If the new millennium has been anything, it’s been the “age of innovation”. Powered by the new tools of the internet, the pace of change for business and entrepreneurship of the past two decades has been unprecedented. And there is no sign of it slowing down yet. Founders and entrepreneurs who want to remain competitive need to attract top talent, and rely on them for creativity and forward-thinking ideas.
The problem is that the corporate structure isn’t always set up for creativity and innovation on the lower rungs of a company. Many of those workers feel underpowered and unable to share the ideas they might have to improve a company. Worse still, they are so overworked and sidled with tasks that thinking outside the box when it comes to innovation doesn’t even feel like an option. Often, managers and higher ups don’t realize these structural problems impeding innovation, and simply assume their employees aren’t measuring up to expectations.
There is data to back up this disconnect between hirers and employees. A recent study conducted by the University of Phoenix found that “just one in 10 hiring managers say their employees excel at innovation, and one-third of hiring managers report their employees lack key traits like ‘creativity and forward-thinking.’” In an even more disappointing finding, the study also found that only 10 percent of hiring managers feel that their employees excel at innovation.
If you want your company to reach its full potential, there is no question that you need each and every one of your employees—from the interns to the executives—to be operating at their full potential as well. While it can often feel overwhelming to change corporate status quo and hierarchy to achieve such change, that isn’t necessarily what you need to do. It takes a top-down modeling of behavior—as well as an inclusive, incentivizing and non-threatening company culture—to garner the ideas and innovation you want from the people on your payroll.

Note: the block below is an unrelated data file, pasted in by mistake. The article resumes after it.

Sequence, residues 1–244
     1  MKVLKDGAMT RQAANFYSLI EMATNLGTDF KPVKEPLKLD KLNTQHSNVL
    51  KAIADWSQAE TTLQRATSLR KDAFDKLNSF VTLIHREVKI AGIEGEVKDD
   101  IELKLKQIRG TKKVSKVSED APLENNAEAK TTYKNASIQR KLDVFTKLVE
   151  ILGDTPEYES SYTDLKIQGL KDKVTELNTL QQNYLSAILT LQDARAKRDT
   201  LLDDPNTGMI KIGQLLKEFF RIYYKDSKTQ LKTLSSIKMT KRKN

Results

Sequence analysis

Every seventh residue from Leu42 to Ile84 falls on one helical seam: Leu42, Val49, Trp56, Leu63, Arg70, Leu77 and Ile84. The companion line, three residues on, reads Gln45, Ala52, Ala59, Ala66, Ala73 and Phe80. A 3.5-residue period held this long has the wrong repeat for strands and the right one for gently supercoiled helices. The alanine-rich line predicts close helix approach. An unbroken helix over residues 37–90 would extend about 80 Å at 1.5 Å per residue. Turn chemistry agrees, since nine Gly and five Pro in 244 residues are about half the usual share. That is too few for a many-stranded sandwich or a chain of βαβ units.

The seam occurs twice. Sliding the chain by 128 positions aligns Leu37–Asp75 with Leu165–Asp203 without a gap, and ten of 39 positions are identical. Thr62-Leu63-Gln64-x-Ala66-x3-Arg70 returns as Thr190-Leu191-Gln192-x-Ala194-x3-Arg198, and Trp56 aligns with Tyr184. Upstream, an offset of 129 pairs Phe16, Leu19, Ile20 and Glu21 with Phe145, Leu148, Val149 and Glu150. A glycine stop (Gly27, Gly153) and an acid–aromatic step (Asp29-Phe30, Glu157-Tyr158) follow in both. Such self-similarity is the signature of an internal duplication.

Here are some ideas for how to inspire innovation:
Be realistic: If you give your lower-level employees a workload that’s not suitable for a single person, don’t expect them to come up with great ideas. Consider outsourcing some of your more banal operations to an outside company or contractor so that your employees with a more intimate knowledge of your company’s ethos have a little more breathing space to come up with ideas. Even better, give them additional tools and inspiration to do so, with things like workshops, speakers, simulations, or off-site retreats that might spark genius.
Keep lines of communication open: While it may be unrealistic to expect a low-level staffer to speak up or go against the grain in a board meeting, there are other ways you can encourage transparency and accountability throughout the company. Tell your employees they are always welcome to email the higher ups with ideas or concerns about how things are going, and that they can do so anonymously or without recourse. Or start a monthly “ideas” meeting, where the sole purpose is to give employees permission to point out areas where the company might consider doing things differently. Remember, your lower level employees understand your company in ways you might not, so don’t waste their input by silencing them.
Provide incentives: In a corporate culture, sometimes a simple incentive works best. Offer recognition in your company for employees who go out of their way to suggest good ideas and new ways of doing things. If you want your employees to think outside their job description, you need to give them a reason to do so. Sometimes simple recognition on a monthly basis—and some kind of reward, like a modest pay bonus—is the perfect way to draw that out of your employees.
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